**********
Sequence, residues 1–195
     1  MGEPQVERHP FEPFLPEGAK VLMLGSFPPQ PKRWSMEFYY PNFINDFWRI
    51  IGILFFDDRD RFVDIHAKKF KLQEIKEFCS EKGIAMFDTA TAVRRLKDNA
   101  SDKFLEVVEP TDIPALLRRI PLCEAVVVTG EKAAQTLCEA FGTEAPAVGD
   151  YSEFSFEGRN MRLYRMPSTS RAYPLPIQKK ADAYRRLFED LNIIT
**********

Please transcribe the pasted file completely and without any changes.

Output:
Sequence, residues 1–195
     1  MGEPQVERHP FEPFLPEGAK VLMLGSFPPQ PKRWSMEFYY PNFINDFWRI
    51  IGILFFDDRD RFVDIHAKKF KLQEIKEFCS EKGIAMFDTA TAVRRLKDNA
   101  SDKFLEVVEP TDIPALLRRI PLCEAVVVTG EKAAQTLCEA FGTEAPAVGD
   151  YSEFSFEGRN MRLYRMPSTS RAYPLPIQKK ADAYRRLFED LNIIT